Are the Iranian demonstrators revolutionary? -Washington Times

Since 2009, several waves of riots and near-revolutions have devoured Iran. A few, like the “Green Revolution” of 2009, weren’t revolutions at all. This time the protests look very different.

Mahsa Amini, a 22-year-old Iranian, was reportedly beaten to death on September 16 while in the custody of Iran’s “morality police”. Her offense would have been to not adequately cover her hair.

Since Amini’s death, massive violent protests have erupted in many Iranian cities. Fires were set in mosques, banks and police cars. Shootouts with the police took place and the unrest in the Kurdish region was severely suppressed. At least 1,500 people were arrested and no less than a thousand people killed. In an October 3 statement, Iran’s Supreme Leader Ayatollah Khamenei blamed America and Israel for the riots.

Iranians have suffered greatly since the ayatollahs came to power in 1979. Repression by the religious police and corruption at all levels of government are the norm. Iran’s Revolutionary Guard Corps – Tehran’s main terror wing that reports directly to Supreme Leader Mr. Khamenei – controls perhaps 80% of Iran’s economy. He does this for his own benefit and that of the ayatollahs.

We have seen what could have been real revolutions come and go in Iran. The 2009 “green revolution” was born to protest against the obviously rigged re-election of President Mahmoud Ahmadinejad. Hundreds of thousands took to the streets to protest, but leaders of the movement said they were not trying to override the system.

We could have convinced the Iranians of the “Green Movement” that the best way forward was to overthrow the ayatollahs. President Barack Obama decided not to even try. Instead, he reportedly ordered the CIA to stand down and cut off all contact with Green Movement leaders.

In 2018, more protests – much smaller than those in 2009 – were against economic corruption and, at first, protesters directed their anger at the ayatollahs themselves often calling for Mr Khamenei to be killed. The regime was scared, but the protests died down when America did nothing.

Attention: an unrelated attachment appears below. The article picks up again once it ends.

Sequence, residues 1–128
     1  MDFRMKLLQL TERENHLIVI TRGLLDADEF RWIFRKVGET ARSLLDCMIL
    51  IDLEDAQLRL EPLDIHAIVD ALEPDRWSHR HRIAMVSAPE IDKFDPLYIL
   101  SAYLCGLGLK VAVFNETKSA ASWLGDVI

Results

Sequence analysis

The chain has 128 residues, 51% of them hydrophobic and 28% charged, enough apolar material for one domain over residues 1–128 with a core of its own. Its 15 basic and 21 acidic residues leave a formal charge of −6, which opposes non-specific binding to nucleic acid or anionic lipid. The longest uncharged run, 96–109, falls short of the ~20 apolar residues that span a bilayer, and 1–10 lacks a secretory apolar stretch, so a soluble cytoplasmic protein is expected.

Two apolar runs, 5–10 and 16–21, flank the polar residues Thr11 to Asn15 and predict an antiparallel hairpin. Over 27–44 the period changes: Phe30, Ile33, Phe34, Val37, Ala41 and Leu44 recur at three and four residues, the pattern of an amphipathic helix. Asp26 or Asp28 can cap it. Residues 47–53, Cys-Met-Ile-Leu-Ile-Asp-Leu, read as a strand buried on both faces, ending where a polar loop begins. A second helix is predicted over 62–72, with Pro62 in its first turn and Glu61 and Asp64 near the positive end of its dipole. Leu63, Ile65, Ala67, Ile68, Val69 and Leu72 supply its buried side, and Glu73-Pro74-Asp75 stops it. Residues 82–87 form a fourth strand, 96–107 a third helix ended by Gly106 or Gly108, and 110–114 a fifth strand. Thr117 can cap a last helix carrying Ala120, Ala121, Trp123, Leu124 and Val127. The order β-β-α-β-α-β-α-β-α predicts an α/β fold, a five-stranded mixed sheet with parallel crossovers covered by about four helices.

In 2019-20, the “Bloody November” protests against economic conditions also targeted the government and its endemic corruption. Again, we did nothing.

The ongoing riots seem more intent on overthrowing the regime. On September 30, students and teachers at the seminary in the holy city of Qom in Iran reportedly issued a statement saying that the fundamental ideology of the ayatollahs’ regime – “rule by the jurisprudent” – is no longer valid.

This statement, if disseminated beyond Qom, could condemn the regime for its illegitimacy.

A few American commentators have suggested that the Iranian people are crying out for our help. It’s highly dubious, but the riots show deep dissatisfaction with Iran’s economic conditions, sparked by sanctions imposed by former President Donald J. Trump when he revoked the arms deal. Mr. Obama’s nuclear weapons with Iran.

President Biden, who is still obsessively pursuing a new nuclear arms deal with Iran, will do nothing to hinder, let alone overthrow, the regime in Tehran. Nevertheless, if we had a competent president, we would try to do so by the many secret means at our disposal.

Before we descend down this particular rabbit hole, we need to determine the answers to the questions of whether the Iranian protesters are aiming for revolution and whether they would accept our help if they did.

It is not at all clear that the Iranians would accept American aid or aid from any Western country. Two generations of Iranians have been chanting “death to America” ​​since 1979 and have been brainwashed to distrust us in every way. Moreover, their fear of the ayatollahs and their IRGC may far outweigh their desire to overthrow the regime.

Every dictatorship is inherently unstable, and Iran’s is no exception. The fear expressed by Mr. Khamenei on October 3 showed this, as did the statement by the speaker of the Iranian parliament, Mohammad Bagher Qalibaf, who warned that the demonstrations were aimed at overthrowing the government. This fear was further demonstrated by the regime’s blocking, at least partially, of internet availability in Iran.

Whether or not the current series of protests and riots can turn into a real revolution, we should secretly look for ways to do so now and in the near future.

We should start by gaining the trust of potential revolutionaries. Iran is a closed nation. Getting people in or getting information out is nearly impossible. We should provide protesters with secure communications, internet service and, at some point, weapons. We should train Iranian expatriates and others to help foment and organize a revolution that would rid the world of the ayatollahs’ regime. However difficult the task, perhaps we should try to get them into Iran.

Additionally, we should wage relentless cyber warfare against the Iranian government, attacking their computer networks to find out what the regime is doing, and spreading malware to harm Tehran’s ability to govern and foment terrorism. The regime is our enemy, not the Iranian people.

We can do a lot more, but it would be a very good start. But we need a capable president who has the will to make these things happen. 2025 can’t come soon enough.

• Jed Babbin is a national security and foreign affairs columnist for The Washington Times and a contributing editor to The American Spectator.

Thelma J. Longworth